An effort by 22 U.S. states to spur demand for natural gas vehicles has produced a strong response from auto dealers to a request to supply CNG-powered cars, vans and trucks for state fleets.
Dealerships in 28 states representing the three big U.S. manufacturers plus Honda submitted more than 100 bids in response to a joint request for proposals by the states, which are seeking to boost demand for abundant domestic natural gas, and support the price after it fell to a decade-low in spring 2011. Keep reading →
Natural gas is being taken more seriously as a transportation fuel by U.S. fleet operators and trucking companies, but its scarce availability is standing in the way of widespread adoption by the general public, industry experts said recently.
Despite the clear price advantage enjoyed by the relatively few car and truck drivers that use natural gas, it won’t become a significant source of transportation fuel until there’s a network of publicly available natural gas filling stations comparable to that for gasoline, or until home refueling is a viable option for most consumers, the experts said. Keep reading →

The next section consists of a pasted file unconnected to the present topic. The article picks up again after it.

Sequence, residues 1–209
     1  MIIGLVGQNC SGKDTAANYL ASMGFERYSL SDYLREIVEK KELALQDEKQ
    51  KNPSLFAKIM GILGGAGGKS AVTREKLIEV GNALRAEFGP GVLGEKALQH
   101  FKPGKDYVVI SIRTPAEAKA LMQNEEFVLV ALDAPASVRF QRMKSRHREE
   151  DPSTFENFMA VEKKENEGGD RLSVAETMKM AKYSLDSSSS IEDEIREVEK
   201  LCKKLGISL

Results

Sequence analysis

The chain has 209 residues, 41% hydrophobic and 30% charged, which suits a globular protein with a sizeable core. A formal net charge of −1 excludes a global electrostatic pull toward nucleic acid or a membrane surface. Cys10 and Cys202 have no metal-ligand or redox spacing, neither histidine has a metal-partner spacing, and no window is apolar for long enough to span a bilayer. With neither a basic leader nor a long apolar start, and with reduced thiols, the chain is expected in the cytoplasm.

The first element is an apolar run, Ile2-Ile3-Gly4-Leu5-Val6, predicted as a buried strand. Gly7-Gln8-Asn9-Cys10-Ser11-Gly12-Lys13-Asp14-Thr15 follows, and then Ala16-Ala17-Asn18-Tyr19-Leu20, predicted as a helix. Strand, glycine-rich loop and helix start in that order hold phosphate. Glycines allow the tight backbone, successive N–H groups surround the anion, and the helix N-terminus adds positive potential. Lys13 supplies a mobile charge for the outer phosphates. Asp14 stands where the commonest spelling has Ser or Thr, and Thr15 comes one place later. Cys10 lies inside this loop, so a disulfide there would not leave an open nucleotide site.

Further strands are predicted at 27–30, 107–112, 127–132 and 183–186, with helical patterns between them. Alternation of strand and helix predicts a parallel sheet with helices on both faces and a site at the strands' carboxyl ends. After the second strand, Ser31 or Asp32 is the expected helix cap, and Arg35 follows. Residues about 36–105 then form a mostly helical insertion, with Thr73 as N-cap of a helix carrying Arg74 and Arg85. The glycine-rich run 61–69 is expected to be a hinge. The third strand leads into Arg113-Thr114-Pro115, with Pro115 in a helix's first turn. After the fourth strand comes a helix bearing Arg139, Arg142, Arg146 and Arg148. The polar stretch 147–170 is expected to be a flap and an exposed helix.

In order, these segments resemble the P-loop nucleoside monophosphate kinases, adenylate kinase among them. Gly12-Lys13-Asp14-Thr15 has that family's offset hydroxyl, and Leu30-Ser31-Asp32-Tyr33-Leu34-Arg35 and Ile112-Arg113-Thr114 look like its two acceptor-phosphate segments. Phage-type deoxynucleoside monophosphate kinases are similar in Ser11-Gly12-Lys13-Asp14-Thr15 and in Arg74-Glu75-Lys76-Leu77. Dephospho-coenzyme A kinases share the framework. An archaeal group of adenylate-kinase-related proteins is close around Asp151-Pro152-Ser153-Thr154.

American car companies are moving ahead with a plan to produce natural gas powered cars and trucks for public fleets in state-sponsored efforts to create a wider public market for the vehicles.
Representatives of the Big Three carmakers, and Honda, as well as auto dealers and companies that convert conventional engines to run on compressed natural gas, met with leaders of a consortium of states in Oklahoma City this month to discuss a request for proposal that has been issued by the states to the car makers. Keep reading →
Much like microwaves and satellites, the US military could serve as an incubator for hydrogen fuel cell vehicle technology, helping it advance to a point where it can stand on its own in the global marketplace. In one of the latest examples of the private sector collaborating with the military on new technologies, General Motors and the U.S. Army, Pacific recently launched a 16 hydrogen fuel cell vehicle fleet in Hawaii.
The US Army views this as a worthwhile investment because its desire to reduce fossil fuel reliance, which can be a security concern. The contract is for a fleet of administrative vehicles that will be driven on base and around Oahu. Keep reading →